A meta-analysis found extrinsic rewards at work (pay for performance) resulted in better performance on relatively uninteresting tasks, but weaker performance for more interesting tasks (Weibel, Rost, & Osterloh, 2010). This phenomenon is often referred to as the over-justification effect (Lepper, Greene, & Nisbett, 1973).
Contingent rewards are external or tangible rewards offered in exchange for:
- Carrying out a task
- Good performance
- Completing a task (Deci et al., 2017)
Offering a contingent reward to someone for an activity they already love doing gives the impression that the task is not inherently valuable in itself and may be perceived as an attack on their autonomy (Deci et al., 2017).
Assessing Extrinsic Motivation: 3 Questionnaires & Scales
The following scales and questionnaires are based on the SDT (Ryan & Deci, 2000). Two scales capture the different types of motivation, and one measures basic need satisfaction.
These questionnaires measure motivation (or self-regulation) in seven areas: academic, prosocial, healthcare, learning, exercise, religion, and friendship.
Sub-scales can be used in isolation, or scores for different sub-scales can be combined to create a Relative Autonomy Index. The questionnaires ask people why they do things and tap into all types of motivation identified by the SDT (Ryan & Deci, 2000).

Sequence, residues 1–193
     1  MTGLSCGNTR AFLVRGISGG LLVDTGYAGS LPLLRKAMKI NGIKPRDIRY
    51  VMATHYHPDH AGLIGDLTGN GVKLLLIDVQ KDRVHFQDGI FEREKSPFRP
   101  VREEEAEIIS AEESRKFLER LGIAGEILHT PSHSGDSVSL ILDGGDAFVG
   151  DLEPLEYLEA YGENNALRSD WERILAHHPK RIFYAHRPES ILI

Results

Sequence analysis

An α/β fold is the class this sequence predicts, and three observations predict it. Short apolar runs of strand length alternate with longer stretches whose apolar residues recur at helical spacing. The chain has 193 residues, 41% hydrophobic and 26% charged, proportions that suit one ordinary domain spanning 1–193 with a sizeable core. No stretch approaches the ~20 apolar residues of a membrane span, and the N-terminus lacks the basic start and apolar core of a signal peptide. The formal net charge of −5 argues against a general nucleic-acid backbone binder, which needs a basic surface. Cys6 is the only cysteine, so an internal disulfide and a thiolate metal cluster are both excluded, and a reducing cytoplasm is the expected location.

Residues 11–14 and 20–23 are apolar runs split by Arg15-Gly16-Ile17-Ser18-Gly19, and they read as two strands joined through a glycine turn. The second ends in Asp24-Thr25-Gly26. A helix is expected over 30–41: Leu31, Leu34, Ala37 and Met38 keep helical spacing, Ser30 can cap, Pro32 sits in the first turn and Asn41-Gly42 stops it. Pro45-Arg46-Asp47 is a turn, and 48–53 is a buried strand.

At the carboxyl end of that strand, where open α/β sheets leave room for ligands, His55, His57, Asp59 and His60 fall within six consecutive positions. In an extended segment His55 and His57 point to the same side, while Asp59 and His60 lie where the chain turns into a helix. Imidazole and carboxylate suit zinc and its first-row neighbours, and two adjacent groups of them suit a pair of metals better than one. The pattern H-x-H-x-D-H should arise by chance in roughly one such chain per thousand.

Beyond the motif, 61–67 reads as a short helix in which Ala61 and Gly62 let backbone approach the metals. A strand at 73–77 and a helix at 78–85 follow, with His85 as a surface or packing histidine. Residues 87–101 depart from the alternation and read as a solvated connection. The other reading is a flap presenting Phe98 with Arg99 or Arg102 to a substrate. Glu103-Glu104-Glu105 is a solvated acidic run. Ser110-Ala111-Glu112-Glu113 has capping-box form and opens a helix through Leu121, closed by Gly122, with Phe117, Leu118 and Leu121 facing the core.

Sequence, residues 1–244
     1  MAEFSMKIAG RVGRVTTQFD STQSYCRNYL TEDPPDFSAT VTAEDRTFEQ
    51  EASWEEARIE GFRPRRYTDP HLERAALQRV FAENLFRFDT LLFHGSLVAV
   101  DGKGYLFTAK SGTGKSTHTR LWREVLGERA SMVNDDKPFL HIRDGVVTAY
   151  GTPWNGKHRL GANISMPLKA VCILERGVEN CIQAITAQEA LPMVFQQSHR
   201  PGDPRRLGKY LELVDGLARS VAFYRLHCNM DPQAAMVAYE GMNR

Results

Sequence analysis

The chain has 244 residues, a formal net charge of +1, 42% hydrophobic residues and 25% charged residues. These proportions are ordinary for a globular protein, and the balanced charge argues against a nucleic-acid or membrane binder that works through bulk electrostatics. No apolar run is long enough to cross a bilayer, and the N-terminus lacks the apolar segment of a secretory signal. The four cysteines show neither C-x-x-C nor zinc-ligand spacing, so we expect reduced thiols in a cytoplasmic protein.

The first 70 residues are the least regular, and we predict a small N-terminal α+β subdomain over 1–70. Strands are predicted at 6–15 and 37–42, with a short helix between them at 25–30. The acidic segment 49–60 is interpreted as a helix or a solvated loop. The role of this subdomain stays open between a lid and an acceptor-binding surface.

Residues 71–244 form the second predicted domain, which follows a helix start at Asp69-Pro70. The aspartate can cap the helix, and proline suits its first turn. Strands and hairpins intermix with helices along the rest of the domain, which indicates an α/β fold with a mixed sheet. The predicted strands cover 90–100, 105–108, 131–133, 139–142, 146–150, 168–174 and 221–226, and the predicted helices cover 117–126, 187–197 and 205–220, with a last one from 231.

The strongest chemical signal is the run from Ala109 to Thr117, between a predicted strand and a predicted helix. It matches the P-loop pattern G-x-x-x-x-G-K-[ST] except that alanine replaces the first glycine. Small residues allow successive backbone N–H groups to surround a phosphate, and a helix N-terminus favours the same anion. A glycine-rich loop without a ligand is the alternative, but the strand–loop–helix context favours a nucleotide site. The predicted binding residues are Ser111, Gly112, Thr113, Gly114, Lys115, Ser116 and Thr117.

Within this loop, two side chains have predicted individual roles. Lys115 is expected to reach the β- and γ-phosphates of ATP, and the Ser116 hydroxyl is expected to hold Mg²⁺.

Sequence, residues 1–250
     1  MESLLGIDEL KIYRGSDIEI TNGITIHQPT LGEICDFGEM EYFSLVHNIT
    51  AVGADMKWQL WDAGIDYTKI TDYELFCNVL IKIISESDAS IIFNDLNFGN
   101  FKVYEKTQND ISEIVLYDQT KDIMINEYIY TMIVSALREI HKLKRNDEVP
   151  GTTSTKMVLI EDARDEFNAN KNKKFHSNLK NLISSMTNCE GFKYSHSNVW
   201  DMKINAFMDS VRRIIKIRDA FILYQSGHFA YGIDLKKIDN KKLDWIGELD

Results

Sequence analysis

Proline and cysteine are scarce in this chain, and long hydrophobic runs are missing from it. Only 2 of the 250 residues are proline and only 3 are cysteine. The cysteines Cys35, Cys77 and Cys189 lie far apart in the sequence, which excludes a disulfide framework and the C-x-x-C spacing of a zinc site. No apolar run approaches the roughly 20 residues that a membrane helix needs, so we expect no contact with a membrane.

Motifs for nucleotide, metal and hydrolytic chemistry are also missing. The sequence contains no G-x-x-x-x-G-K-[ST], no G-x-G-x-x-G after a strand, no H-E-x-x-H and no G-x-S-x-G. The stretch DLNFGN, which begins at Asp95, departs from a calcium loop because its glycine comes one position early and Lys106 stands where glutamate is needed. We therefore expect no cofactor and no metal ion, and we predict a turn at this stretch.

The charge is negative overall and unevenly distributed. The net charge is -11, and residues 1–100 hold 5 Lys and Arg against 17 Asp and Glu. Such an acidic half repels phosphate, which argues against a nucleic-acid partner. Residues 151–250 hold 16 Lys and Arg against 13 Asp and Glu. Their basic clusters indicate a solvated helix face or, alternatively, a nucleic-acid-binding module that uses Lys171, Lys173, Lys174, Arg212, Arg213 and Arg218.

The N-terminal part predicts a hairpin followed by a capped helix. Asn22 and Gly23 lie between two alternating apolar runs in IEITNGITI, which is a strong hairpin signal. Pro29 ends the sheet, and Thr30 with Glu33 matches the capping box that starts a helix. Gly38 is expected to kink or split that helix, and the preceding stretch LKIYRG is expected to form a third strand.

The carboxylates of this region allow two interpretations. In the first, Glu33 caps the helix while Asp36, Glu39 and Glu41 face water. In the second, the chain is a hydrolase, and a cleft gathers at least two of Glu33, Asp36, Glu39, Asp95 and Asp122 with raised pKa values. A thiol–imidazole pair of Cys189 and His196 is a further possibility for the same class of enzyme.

All sub-scales and scoring information can be downloaded by members (membership is free, as of the time of writing) from the Self-Determination Theory website.
Basic Psychological Need Satisfaction Scale – General
This 21-item scale measures the extent to which basic needs of autonomy, competency, and relatedness are met in someone’s life (Deci & Ryan, 2000; Gagné, 2003).
In this scale, scores for autonomy, competency, and relatedness are calculated in a ‘General’ domain, but there are also scales available for ‘Relationship’ and ‘Work’ domains.
Scales and full scoring information (as well as other basic needs satisfaction scales) can be downloaded by members.
Multidimensional Work Motivation Scale
This 19-item scale asks people why they put effort into their job and differentiates between social and material extrinsic regulation, as well as all the other types.
You can calculate the different subtypes of motivation or get an overall score of autonomous versus controlled types of motivation (Gagné et al., 2015).
The scale items can be found in the appendix of Gagné et al.’s (2015) paper. The scale is also available in other languages by contacting the first or second author.
6 Helpful Strategies and Techniques
The best way to boost more autonomous extrinsic motivation is to create the right conditions for people to thrive (Deci et al., 2017).